Is it Possible to be Happy All the Time?

A frequent web visitor commented on a blogger who said that the propensity to feel depressed or anxious never really leaves a person. He asked if I agreed with this.

Here’s the answer. I am convinced that being flawed and having moments of irritability, depression, anxiety, and so forth is an inherent part of the human condition, at least for most of us, and probably everybody. It is not possible to be happy all the time, nor is this a realistic or useful goal–at least that’s my take on it.

We all fall into these black holes of self-doubt or anger from time to time. What I do is to create a ladder for each patient, so you can quickly climb out of the black hole whenever you fall in. That’s why the psychotherapy homework is so vital—so you can practice and learn these tools, so you can use them in the future whenever you need them. It is like riding a bicycle. The skill never really leaves you once you’ve learned how, but you won’t develop the right “brain muscles” without the written practice between sessions, using tools like the Daily Mood Log, the Relationship Journal, and so forth.

There are two goals in TEAM-CBT: Feeling better and getting better. Feeling better is the initial recovery, when the symptoms of depression and anxiety completely disappear, and you feel fantastic. This is a tremendous experience for the patient and for the therapist as well. The recovery usually happens suddenly during a session, and with the new TEAM-CBT techniques, if often happens very early in the treatment.In my experience, it often happens in the first session, assuming I can work with the patient for two hours or so if needed.

Getting better means that you have the tools to deal with the inevitable “relapses” that affect all human beings. To me, I define a “relapse” as one minute or more of feeling lousy. Given that definitions, we all “relapse” all the time! But it does not have to be a problem if you know exactly how to deal with it.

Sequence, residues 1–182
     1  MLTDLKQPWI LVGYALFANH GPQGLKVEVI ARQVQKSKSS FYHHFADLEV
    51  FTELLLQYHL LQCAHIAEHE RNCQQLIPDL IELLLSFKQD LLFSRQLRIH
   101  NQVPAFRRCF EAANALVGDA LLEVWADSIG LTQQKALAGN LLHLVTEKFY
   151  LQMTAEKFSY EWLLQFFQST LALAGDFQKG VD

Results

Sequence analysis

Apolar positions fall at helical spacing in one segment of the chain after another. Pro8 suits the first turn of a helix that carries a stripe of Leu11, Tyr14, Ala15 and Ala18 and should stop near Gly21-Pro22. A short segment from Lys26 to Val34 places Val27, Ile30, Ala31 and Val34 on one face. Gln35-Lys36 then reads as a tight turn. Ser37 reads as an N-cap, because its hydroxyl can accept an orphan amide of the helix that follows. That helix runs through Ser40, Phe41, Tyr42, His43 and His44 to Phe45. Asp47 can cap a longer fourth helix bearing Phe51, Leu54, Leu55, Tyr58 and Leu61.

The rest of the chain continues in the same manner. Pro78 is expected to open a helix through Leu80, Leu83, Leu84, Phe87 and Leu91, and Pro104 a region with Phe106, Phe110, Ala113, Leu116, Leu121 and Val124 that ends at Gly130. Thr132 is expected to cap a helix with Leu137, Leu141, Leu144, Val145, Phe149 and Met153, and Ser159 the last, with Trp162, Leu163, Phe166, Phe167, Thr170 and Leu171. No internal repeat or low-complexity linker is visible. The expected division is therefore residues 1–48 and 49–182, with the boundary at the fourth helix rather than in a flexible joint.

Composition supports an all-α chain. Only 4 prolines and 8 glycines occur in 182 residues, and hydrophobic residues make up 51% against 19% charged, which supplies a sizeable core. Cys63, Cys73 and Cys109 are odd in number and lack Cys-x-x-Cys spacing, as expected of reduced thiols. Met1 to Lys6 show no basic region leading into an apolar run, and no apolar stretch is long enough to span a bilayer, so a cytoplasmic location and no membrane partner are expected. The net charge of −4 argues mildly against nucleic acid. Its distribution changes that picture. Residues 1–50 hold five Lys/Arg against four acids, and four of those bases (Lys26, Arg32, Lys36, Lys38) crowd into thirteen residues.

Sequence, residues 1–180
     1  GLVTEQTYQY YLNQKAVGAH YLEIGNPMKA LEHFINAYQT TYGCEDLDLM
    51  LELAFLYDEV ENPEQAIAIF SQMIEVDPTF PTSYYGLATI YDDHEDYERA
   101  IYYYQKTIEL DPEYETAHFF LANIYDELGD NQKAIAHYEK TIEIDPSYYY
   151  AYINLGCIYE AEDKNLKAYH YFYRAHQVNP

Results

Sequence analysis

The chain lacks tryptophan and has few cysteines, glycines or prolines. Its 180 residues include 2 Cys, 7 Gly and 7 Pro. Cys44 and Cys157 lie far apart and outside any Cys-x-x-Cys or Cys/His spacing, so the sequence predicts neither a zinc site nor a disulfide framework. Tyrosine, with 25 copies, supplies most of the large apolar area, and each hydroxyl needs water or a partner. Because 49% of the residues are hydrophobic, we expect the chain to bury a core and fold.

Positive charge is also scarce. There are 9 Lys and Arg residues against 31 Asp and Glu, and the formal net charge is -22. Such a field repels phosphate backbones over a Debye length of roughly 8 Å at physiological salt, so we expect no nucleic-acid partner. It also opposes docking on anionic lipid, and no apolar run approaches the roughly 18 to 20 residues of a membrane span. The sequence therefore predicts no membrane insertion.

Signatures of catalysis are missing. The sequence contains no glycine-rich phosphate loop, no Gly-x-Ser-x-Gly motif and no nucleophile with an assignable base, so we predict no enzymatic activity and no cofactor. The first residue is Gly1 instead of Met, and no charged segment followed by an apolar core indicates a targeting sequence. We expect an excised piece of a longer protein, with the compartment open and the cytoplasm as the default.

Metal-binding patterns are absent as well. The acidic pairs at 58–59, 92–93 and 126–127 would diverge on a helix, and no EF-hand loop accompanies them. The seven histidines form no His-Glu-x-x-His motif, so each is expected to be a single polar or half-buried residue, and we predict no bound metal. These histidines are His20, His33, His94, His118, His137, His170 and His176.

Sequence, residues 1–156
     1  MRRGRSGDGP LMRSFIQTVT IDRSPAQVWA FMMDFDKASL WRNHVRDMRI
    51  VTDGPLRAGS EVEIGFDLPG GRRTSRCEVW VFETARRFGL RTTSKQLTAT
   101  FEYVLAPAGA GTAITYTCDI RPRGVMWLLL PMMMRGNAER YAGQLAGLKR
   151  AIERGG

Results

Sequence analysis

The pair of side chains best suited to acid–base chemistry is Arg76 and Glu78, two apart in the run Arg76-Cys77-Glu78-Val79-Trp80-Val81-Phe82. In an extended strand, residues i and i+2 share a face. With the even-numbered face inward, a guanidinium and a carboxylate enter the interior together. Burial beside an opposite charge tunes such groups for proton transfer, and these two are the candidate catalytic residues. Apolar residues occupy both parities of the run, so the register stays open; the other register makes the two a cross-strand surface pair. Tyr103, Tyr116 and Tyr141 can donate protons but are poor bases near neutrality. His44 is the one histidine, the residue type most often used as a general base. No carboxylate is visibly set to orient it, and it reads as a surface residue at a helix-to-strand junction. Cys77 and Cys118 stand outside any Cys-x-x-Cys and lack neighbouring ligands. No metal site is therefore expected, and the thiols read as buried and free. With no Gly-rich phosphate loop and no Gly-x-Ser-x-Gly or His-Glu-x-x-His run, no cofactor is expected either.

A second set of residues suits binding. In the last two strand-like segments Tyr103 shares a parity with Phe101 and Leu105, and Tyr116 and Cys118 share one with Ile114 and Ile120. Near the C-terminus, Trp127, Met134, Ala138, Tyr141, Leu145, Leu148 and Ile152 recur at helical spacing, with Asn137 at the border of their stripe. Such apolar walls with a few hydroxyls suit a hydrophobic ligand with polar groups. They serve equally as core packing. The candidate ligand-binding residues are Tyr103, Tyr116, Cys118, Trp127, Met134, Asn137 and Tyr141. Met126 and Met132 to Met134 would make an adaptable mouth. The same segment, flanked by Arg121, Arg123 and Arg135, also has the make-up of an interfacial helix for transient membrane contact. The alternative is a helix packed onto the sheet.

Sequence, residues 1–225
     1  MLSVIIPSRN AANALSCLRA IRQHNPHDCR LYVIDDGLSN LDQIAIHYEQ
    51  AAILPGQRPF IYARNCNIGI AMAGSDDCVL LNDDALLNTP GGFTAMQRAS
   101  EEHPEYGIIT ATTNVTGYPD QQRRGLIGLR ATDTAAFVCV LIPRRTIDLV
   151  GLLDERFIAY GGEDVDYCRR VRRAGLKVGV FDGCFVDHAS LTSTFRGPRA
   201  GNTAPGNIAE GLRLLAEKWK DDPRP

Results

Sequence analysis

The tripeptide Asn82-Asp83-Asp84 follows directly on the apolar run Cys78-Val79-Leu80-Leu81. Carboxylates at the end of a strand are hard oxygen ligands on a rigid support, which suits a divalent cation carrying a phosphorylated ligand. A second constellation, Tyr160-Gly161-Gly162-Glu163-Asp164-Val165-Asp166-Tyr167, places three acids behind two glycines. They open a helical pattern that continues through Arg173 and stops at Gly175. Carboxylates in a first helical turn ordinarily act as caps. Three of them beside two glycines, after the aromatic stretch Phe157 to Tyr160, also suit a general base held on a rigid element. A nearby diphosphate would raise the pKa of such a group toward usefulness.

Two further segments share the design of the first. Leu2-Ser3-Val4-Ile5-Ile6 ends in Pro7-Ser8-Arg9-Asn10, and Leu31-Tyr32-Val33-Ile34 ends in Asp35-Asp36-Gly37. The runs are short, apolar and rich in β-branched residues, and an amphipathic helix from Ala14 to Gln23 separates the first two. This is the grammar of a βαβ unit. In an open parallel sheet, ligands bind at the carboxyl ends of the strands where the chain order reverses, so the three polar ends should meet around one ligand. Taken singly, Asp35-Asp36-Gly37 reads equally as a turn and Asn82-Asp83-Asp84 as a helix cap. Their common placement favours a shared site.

One minute of feeling upset is okay. Or an hour, a day, or a week. But I don’t want my patients to have to struggle with weeks, months, years or decades of misery.

I always tell my patients that we are all entitled to five happy days per week. If you aren’t having your five happy days, you need a little mental “tune-up!” But if you’re having more than five happy days per week, that could be a problem, and we may have to put you on lithium!

I will edit and post a partially completed blog on Relapse Prevention Training (RPT) before too long. RPT is fairly easy and only takes about 30 minutes in most cases. However, if the therapist fails to do RPT, the patient may be shocked, overwhelmed and devastated when the negative thoughts and feelings return. But if you have prepared the patient properly, he or she will know exactly what to do, and the “relapse” will be short-lived.

As an aside, my thinking is consistent with the thinking of the late Dr. Albert Ellis, the New York psychologist who founded a school of therapy call REBT (Rational Emotive Behavior Therapy). Dr. Ellis once wrote a paper on “The Impossibility of Maintaining Consistently Good Mental Healthy,” or some such title. He was making the same point, that we are flawed, and cannot achieve perfection.

Dr. Ellis pioneered much of the thinking that triggered the development  of CBT (Cognitive Behavior Therapy), and now TEAM-CBT, although he approached treatment in a radially different manner. Those who still remember him, and attended one or more of his wild workshops or talks, or his $5 admission fee Friday night live therapy demonstrations at his center in NY, will know what I mean!

Dr. Ellis was quite the character, very controversial, but his contributions were tremendous, and he had a great sense of integrity. He did not steal from others, as some in our profession have done, but always gave credit where credit was due. That was one of the main reasons I became a fan of his!

david

Leave a Reply